I am very excited to share another home tour with you guys today. This time we are visiting a fellow Dane, but in London. Together with her boyfriend and their cutest boy they live in a converted marmalade factory in east London. I got to know Christina via her nicely curated Instagram account for her online shop NABO. It was such a treat to meet them in person and to their cool warehouse loft full of Scandinavian designs. Find out more Christina in the interview below – enjoy!
Please introduce yourself?
I’m Christina Thaisen, A Danish Londoner. I live in Bermondsey with my boyfriend and our 2,5 year old son. After studying an MA in Art and Visual Culture I got into working with interior design through my online shop NABO, but also through my interior design services where I help people decorate their homes and source original Danish vintage furniture.
When and why did you move here?
I’ve been living in this flat for 3 years and I remember it as love at first sight; when I walked into this place I was immediately drawn to the old building, the big windows and I knew it had to be our home. I’ve been living in a warehouse conversion in east London before moving in here, so I knew that I liked living in an open plan space, but I was surprised how lovely the light in this flat was. We put an offer in 15 minutes after we left the building after the first viewing.
What changes did you make?
We haven’t really changed that much, apart from painting some of the walls in the living room and in my son’s room. When we moved in the bedroom was divided into two rooms. It was a very dark room, so we decided to get rid of the wall that divided the two rooms so we now have a large bright bedroom.
What didn’t you want to change?
I would never divide the flat into more rooms; on the contrary I would rather tear down the wall to the hallway to get a bigger dining/kitchen area. I’m all for open plan spaces.
What objects hold a special meaning for you?
We have quite a few furniture that are heirlooms from our grandparents on both sides, and they naturally hold a special meaning for me. Luckily our grandparents cared about good design and the pieces they bought back in the days are still functioning and not outdated. I think it somehow formed my view on good design and sustainability.
How do you choose which items enter your home?
Whenever I buy something new for our home I ask myself if it’s something I would want to pass on to my children. Buying good quality designs might be a little pricier upfront, but I see it as an investment in the long run. Investing in good quality pieces that last through generations, it really doesn’t get more sustainable than that. Because we’re renting our home I think about only purchasing things that can be easily adapted as change happens; when we looked for a dining table we couldn’t find one that we loved, so we decided to buy a table that we would later use as a desk. I try to be mindful whenever I bring something new into our home and I’d rather wait and save up than compromising on quality and aesthetics.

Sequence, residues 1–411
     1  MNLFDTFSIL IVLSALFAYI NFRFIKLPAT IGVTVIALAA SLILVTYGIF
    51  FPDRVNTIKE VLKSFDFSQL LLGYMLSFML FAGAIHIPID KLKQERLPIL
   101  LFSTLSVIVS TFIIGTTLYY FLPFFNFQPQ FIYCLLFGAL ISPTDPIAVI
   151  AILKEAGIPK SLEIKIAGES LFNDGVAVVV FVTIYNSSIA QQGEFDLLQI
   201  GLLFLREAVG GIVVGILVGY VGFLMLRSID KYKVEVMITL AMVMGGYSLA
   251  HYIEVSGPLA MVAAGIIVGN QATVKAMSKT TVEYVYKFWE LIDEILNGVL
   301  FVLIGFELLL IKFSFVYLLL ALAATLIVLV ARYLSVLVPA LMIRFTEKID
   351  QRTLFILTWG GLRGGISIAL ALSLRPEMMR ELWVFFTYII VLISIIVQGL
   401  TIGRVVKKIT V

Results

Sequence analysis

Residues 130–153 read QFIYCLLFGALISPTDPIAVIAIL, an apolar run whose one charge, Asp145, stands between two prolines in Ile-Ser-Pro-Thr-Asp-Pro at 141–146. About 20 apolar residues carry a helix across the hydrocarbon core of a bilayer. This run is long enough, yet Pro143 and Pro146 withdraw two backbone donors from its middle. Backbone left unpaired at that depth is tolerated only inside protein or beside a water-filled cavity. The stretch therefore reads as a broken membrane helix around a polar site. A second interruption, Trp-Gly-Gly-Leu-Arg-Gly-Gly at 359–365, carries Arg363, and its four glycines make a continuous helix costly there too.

How has your style evolved over the years?
My interior style has gone more masculine over the years. When I left home I used to use lighter colours and more patterns and I guess it reflected what I knew from my childhood home. Now that I’ve developed my own taste I tend to be drawn towards darker, calmer and moodier colours.
Which materials are important to you?
I always try to use natural materials when decorating. I think it creates a better indoor environment and they’ll also often last longer. I like materials like wood, cork, and linoleum for table tops because they’re both easy to take care of and reduces noise, which is quite practical when there are kids in the house.
When are you happy at home?
I’m most happy at home when we gather around the dining table to have our morning coffee and breakfast. It’s a time I cherish; there’s something about that brief moment of calm before the day begins.
What do you think makes a welcoming home?
I think it’s important to surround yourself with furniture and things that are meant to be used and can handle a little bit of everything; I think it makes guests feel better when they don’t have to worry too much about spilling coffee or dragging a chair over the floor; it’s all about choosing furniture and materials than make room for life being lived.
3 favorite Instagrammers?
@themodernhouse – for drooling over stunning warehouse conversions and houses in and around London
@asrosenvinge – for stunning travel photography, interior renovation inspiration and she’s such a sweet lady.
@linestampedahl – for a simple Copenhagen home with room for adults and for kids to be kids
Photos by Allan Torp